"Robbie is 7 and Amy is 10, and after working downtown as a bank teller for two years, I wish I were 63. Then I could retire," writes a mother in Vienna, Va.
"I had stayed home from the time Amy was born until Robbie went to school, but there are women in my bank who come back to work when the baby is six weeks old (or less!).
"When I ask them how they do it, they never seem to have any whizbang tricks either. They may say they're tired, but they keep on slugging.
"I just can't seem to get it together. Every time I turn around there is another demand -- from my boss, from my kids, from my husband.
"I'm married to a nifty, hard-working guy who helps around the house, but I still can't ask him to wash out my lingerie or expect Robbie to help Amy figure out a new way to wear her hair. There is always so much to be done, so many words to be heard. I don't think my family has any idea how overcome I am by everything I have to do.
"We could afford it if I guit -- we did before and I'm good at cutting corners, especially when there is time to shop better -- but it would mean giving up the extras, like the trip we took to Busch Gardens. Besides, it might be quite lonely, since most women my age have gone back to work, and maybe embarrassing too. I would really feel worthless then."
A. Growing up is a little like growing shut. The secrets we once confided become harder and harder to share until we finally swallow our fears, as if nobody else had them.
You might be surprised to know just how many people feel as overwhelmed by their jobs as you do, including husbands. There is a sense of relentlessness about work that can smother men at least as much as women.
We may talk of equality, but most of us have grown up believing that the father is basically the one responsible for making the money and the mother for taking care of the family, even if both of them work. These couples, with thoughtful effort, can share some of the duties of their main jobs, but they never can unload the sense of responsibility each role carries.
Despite women's lib, the 1980 father is still left with a bleak, and what can seem at times an insurmountable road ahead as he adds up the clothes and the shoes and the doctor visits still to be bought. Sometimes it just doesn't seem possible, let alone appreciated. While a wife's paycheck is a blessed relief to the husband, he still will have that sense of forever until the last college bill is paid.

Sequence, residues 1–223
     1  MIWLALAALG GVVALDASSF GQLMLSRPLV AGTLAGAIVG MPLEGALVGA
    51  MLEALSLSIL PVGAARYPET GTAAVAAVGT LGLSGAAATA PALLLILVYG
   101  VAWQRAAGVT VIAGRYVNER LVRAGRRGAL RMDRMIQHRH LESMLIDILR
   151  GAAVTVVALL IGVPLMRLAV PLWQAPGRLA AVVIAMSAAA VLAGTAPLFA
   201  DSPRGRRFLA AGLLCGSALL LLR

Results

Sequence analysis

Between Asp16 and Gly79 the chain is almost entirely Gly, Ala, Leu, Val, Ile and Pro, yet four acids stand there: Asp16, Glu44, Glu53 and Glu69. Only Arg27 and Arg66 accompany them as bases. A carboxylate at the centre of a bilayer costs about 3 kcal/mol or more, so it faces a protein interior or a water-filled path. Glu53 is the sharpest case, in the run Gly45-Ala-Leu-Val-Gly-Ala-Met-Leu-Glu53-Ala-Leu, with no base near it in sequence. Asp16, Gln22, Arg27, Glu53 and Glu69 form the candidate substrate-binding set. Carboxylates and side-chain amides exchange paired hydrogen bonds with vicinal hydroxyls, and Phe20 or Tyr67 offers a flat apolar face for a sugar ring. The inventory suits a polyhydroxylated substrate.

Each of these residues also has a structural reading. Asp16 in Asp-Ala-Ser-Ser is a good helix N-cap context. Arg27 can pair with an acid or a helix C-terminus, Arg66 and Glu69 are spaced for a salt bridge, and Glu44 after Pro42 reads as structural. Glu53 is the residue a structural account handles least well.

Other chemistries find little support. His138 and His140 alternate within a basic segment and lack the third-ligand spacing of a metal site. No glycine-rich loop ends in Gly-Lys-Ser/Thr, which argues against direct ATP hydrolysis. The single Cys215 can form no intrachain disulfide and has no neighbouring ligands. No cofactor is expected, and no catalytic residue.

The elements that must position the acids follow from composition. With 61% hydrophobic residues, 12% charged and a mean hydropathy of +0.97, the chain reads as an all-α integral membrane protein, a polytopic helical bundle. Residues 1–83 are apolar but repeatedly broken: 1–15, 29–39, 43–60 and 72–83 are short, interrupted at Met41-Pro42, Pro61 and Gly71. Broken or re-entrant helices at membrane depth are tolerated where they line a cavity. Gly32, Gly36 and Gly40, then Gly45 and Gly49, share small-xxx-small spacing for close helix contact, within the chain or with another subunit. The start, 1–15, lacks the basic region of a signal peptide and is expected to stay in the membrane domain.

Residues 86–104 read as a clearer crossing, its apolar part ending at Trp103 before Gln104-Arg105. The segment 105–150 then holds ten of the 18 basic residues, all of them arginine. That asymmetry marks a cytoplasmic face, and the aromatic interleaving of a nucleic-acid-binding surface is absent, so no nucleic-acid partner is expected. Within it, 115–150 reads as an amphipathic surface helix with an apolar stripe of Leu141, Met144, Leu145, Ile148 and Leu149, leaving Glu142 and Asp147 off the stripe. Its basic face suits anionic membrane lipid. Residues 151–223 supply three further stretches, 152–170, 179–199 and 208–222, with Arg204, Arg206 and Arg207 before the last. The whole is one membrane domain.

As for the 1980 mother, she feels expected to work, yet in her heart she knows she has two jobs. The most liberated woman may parcel out the 2 a.m. bottle, the marketing and even the meals, but she still will feel responsible for seeing that everything gets done and guilty when she can't. Maybe it's because women can't surrender their turf too easily, but more likely it's that awful knowledge that if something can go wrong in the household, it will.
When it comes to the foibles of children, major appliances and sudden guests, somebody has to be in charge, for love or money: Running a household is at least a part-time job. And since few working women have even part-time help, that responsibility has to rest with someone -- you, as a matter of fact.
Unless you and your husband must work fulltime to meet the mortgage, or unless a parent is the sole support of the household, or unless you're so high-powered you would drive your children bonko if you stayed home, then you need to make changes.
Get short-term temporary jobs you can quit when you run out of gas; or a fulltime job, like bookkeeping, with the option to do at least some of the work at home; some paid help once or twice a week -- or a job with fewer hours.
Twenty hours a week -- dandy, and great for the ego. Thrity hours -- it's a strain, but possible. As for 40 hours, love, every one of them is going to be tinged with fatigue, with resentment, with tension.
Although your children may be very self-sufficient, they have begun to need more psychological attention than they ever have before. You can't listen with half an ear any more.
It's not merely a matter of hearing about hair styles, but a way of staying close, of keeping the lines of communication open so that Amy can talk about other, bigger problems without feeling that you are too busy.
Maybe you ought to be able to work fulltime, and maybe you know women who say it's not so hard, but for you, right now, it can't be all day, every day, and commuting too. It's better to get half the extras for half as many hours.
Don't feel guilty about cutting back on your job to make room for your family. Feel lucky that you can.